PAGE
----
No one working in the machine vision industry would disagree: machine vision is for specialists, it requires experience and know-how. This article is not intended to teach beginners to become experts, but to help those using a smart camera understand and identify the key points of a robust vision application.
A vision application is the task that a vision system performs â€“ it could be inspecting work-pieces for defects, gauging sizes or comparing patterns (and many more). A robust vision application is one that can locate parts with great accuracy, identify all defects or read a code the first time. It ensures that only high quality products are sent to customers.
Creating a robust vision application has 3 steps:
1. Choose the correct lighting direction
2. Choose the best lighting color
3. Control ambient light
Any good vision application needs a defect library, so it can compare the new work-piece to both good and bad examples. However, a comprehensive defect library alone is not enough; to reduce the risks and increase robustness, follow the 3 steps below.
Step 1: Correct lighting direction
What type of artificial lighting will generate the highest contrast for your application? Do you need direct or indirect lighting? Will it be a Dome Light to reduce shine and observe uneven surfaces, or a Low Angle for flat and shiny surfaces? Spend time finding the correct angle and strength of light needed to improve contrast. The best vision software can do nothing if the image captured is poor.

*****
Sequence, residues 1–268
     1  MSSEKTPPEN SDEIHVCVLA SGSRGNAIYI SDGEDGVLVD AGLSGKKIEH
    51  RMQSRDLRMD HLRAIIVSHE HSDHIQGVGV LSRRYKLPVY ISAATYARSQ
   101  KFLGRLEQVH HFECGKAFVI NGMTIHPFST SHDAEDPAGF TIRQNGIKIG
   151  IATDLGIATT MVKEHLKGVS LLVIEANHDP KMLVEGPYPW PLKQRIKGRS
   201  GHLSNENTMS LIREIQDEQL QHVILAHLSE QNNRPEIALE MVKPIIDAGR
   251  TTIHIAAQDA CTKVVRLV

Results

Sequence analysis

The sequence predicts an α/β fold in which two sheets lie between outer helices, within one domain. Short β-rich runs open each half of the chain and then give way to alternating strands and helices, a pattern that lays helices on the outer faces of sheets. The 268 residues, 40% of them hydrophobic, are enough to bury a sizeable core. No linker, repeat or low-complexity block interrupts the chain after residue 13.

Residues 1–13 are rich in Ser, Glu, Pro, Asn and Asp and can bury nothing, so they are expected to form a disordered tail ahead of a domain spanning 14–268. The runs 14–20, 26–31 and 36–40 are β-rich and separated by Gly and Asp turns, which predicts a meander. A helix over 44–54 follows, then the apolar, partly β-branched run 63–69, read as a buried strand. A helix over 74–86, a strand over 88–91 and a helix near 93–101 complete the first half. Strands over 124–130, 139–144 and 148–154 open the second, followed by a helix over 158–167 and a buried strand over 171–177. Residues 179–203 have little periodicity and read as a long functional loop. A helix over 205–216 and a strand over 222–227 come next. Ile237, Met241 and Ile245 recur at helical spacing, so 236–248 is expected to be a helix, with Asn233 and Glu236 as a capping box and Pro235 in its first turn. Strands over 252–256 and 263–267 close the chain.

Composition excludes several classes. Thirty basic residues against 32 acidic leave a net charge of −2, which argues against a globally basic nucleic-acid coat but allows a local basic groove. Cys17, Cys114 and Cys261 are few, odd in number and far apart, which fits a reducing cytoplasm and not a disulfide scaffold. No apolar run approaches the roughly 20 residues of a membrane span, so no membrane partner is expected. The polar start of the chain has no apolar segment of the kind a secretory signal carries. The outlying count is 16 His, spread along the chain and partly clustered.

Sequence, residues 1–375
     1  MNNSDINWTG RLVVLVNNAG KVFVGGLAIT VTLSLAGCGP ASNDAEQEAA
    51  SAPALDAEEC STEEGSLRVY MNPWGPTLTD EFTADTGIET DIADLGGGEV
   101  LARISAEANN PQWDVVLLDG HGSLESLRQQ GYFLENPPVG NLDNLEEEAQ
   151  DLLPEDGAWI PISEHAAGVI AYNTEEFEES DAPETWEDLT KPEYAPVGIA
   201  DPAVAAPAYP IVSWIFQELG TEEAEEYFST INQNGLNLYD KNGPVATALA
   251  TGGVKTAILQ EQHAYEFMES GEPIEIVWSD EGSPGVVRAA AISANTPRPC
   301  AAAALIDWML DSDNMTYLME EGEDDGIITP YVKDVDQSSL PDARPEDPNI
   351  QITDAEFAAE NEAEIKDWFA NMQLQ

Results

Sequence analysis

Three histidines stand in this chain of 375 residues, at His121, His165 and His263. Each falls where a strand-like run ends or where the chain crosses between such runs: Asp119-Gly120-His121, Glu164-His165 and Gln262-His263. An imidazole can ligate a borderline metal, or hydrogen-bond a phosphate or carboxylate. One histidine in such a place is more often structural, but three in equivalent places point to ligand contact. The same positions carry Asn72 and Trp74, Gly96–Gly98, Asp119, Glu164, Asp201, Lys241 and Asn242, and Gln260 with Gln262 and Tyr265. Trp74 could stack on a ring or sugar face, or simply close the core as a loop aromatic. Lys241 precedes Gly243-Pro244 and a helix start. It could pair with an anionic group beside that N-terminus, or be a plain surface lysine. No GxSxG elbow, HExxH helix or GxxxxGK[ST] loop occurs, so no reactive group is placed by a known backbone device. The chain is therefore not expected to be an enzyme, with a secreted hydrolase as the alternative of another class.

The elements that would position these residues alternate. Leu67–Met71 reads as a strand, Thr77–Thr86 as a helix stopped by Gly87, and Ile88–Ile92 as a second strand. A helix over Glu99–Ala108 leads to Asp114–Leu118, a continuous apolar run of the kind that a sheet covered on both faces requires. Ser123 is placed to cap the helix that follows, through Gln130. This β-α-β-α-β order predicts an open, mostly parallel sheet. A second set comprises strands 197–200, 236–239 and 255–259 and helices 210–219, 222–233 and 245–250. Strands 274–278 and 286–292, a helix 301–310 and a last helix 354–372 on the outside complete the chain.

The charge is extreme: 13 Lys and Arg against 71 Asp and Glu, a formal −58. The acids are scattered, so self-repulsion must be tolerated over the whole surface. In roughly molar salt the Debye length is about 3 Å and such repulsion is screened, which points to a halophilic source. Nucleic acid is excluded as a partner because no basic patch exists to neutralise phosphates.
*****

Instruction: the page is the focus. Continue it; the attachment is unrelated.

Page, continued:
Step 2: Choose the best colour
With a black & white camera, the colour of the lights affects the quality of the image captured. In machine vision, contrast is vital in creating an image suitable for processing and coloured lights can enhance or reduce contrast. The lights in effect act as a filter, lightening any colour that is similar to its own, and darkening other colours.
A red light, for example, would make a red object show as almost white in a picture, and a blue object appears as almost black, as the relevant colours are either transmitted or absorbed.
In comparison a blue light would turn the red object black and the blue object would become white.
For laser engraved markings on metal or plastic, a green light is extremely useful, emphasizing the engraving, whilst muting the material in the background.
Ultraviolet and Infrared lights are growing in popularity to perform very complex vision inspection applications. Ultraviolet is useful for materials that exhibit fluorescence and Infrared for examine the fibres of wood.
For many applications either a red or white light will provide the high contrast needed, but when working with markings, engravings or coloured products, ensure you choose the correct colour light to maximize the contrast.
Step 3: Control Ambient Light
Ambient light refers to any light that is not explicitly provided by the machine vision system for the purpose of image capture. This includes all natural lighting and room lights. To protect the robustness of your vision system, you need to ensure ambient light does not interfere with your system. Putting a cover on your vision system is the simplest way to control ambient light, but it is not always fully effective. You also need a powerful internal light, which can override the effects of any ambient light that may skip through the cover.
I hope this could help smart camera users get the best out of their vision system!